Visiting the oldest house in Brooklyn, NYC may not seem at first like the most exciting thing to do on a vacation, but stepping onto the grounds of the Wyckoff is an interesting way to connect with a history that helped form the very culture of New York. No matter the time of year, there are always new and fun things to see and do here.

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Pieter Wyckoff, a Dutch speaking immigrant from the Netherlands, arrived in what is now NYC in April 1637. The house (and the surrounding farm) was established in 1650 and has gone through many changes to turn into the house that is available to visit today. After a fire destroyed the house, it was rebuilt to historical accuracy in 1982, which is when it was opened as a museum.

Permanent Exhibits

As the oldest building in New York City, the main exhibit is the house itself as well as the property surrounding the house. The home itself is decorated as it may have been when it was owned by Pieter Wyckoff in the 1600s and there are tours offered with a guide every half an hour from 1pm to 4pm on Friday and Saturday.

Also offered once a month are Free Family Days, which are every third Saturday between 11am and 3pm. Every month features some different hands on family based activities that help guests explore the history of the house. All activities are seasonally appropriate, located more outside during the warmer months and more inside during the cooler ones. Everyone is welcome to attend, although the activities tend to revolve more around children between the ages of 4 years old and 10 years old. No reservation is required, but an adult must attend with every child. Check the calendar for additional information. Make sure to dress appropriately for the weather.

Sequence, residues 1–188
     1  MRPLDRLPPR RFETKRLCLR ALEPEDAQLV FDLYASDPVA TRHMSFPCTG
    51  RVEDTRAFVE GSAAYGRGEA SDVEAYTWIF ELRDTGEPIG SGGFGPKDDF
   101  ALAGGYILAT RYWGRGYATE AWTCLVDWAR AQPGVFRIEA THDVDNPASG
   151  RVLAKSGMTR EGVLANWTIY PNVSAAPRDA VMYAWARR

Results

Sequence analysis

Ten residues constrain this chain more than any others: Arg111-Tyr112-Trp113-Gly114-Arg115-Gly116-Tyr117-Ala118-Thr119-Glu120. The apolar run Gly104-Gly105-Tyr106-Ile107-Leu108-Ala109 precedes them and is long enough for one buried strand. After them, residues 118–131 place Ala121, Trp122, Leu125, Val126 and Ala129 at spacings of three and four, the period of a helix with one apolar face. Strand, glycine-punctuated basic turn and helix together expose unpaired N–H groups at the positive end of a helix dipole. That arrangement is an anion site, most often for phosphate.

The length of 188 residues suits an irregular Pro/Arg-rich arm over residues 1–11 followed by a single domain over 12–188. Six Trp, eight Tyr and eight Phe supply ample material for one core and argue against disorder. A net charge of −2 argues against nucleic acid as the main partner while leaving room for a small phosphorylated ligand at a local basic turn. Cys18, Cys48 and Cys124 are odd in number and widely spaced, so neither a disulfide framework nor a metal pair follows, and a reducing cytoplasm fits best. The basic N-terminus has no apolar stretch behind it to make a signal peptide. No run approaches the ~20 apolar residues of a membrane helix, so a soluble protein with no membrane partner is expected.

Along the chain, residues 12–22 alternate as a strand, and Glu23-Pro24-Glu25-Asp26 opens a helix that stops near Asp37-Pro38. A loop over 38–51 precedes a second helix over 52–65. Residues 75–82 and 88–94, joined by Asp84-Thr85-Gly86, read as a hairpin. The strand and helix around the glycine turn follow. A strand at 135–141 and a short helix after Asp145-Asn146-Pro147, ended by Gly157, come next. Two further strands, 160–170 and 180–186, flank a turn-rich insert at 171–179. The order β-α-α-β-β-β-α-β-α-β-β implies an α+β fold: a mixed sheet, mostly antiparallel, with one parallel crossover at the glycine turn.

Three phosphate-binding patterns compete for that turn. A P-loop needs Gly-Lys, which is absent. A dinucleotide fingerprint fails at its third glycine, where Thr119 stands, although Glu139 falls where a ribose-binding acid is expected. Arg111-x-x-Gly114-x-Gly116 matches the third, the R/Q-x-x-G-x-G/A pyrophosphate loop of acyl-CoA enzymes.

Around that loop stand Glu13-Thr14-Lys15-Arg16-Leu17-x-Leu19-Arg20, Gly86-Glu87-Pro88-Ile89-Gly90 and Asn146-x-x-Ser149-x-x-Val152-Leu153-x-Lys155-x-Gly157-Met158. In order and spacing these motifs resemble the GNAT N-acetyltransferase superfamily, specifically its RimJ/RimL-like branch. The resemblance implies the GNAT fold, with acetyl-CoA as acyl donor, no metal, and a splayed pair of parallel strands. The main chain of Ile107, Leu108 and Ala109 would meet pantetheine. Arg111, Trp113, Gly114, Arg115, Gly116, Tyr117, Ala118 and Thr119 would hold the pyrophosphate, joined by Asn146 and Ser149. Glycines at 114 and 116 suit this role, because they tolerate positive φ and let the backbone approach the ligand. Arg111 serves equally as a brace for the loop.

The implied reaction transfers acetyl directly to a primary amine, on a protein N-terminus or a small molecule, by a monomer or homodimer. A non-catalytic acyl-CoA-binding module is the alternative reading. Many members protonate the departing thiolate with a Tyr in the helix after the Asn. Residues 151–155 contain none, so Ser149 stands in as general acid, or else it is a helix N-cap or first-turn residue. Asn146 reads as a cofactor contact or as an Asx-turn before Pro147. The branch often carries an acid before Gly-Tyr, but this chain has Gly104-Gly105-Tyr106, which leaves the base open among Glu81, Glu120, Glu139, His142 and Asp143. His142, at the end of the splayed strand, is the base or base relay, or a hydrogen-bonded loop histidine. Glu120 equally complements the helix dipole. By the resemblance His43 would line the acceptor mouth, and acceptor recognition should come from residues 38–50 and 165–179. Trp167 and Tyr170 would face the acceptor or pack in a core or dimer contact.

Contemporary Art - The Wyckoff House participates in the artists in residence program, offering a chance for local artists to apply to display their art by interpreting the local history through their own artistic lens. The program lasts for ten months and is supported by program partners, like Dutch Culture (USA), Weaving Hand, Footprints Restaurant, and Textile Arts Center.

After visiting the house, make sure to check out the urban farm that is located on the 1.5 acres outside the house. The farm grows a variety of produce, including medicinal plants, dye plants, edibles, and native plants. The goal of the farm is to grow historically accurate crops that can still be used and eaten by the local community today, such as flax, corn, tobacco, peaches, kale, and tomatoes. The medicinal garden, made mostly of herbs, are used in some of the workshops run at the house on how to be self-sufficient and use medicine alternatives. The native plants provide both sustenance and habitat for the pollinators (there are also bees that live on the property). The dye plants come into play for many of the summer camp projects as well as other workshops held on the farm.

Educational Opportunities

School field trips are an important part of any visit on the house/museum. In fact, more than 5000 students visit every year! The focus on interactive, hands on experiences for the students makes it a frequent favorite of teachers looking to get their students more involved in history. The basis of the museum’s theory on field trips is what they call inquiry based, meaning that the learner is the one driving forward the lesson. This gives the student the ability to control the pace, ask questions, and use critical thinking skills. There are four base programs to choose from: Farming & Science, Colonial Life, Voyage (to a New World), and African American Lives. There are also a variety of hands on activities including Quill Pen Writing, Seed Planting, Butter Churning, and more.

Fees are assessed per group, with a maximum group size of up to 30 students (w/ 5 adults) for groups with students from Kindergarten through 5th grade, up to 25 students (w/ 5 adults) for groups with students from 6th through 8th grade, and up to 20 students (w/ 5 adults) for groups with students from 9th through 12th grade. Reservations are required in advance.


The shop located at the Wyckoff offers a small variety of gifts and souvenirs. There is apparel (shirts, aprons, onesies, and hats), games/toys (chalk, quill pens, penny whistles, and graphic novels), and other gifts (Dutch clogs, puzzles, etc) to purchase and help support the house and its important mission.

Wyckoff House Museum, 5816 Clarendon Road, Brooklyn, NY, 11203, Phone: 718-629-5400

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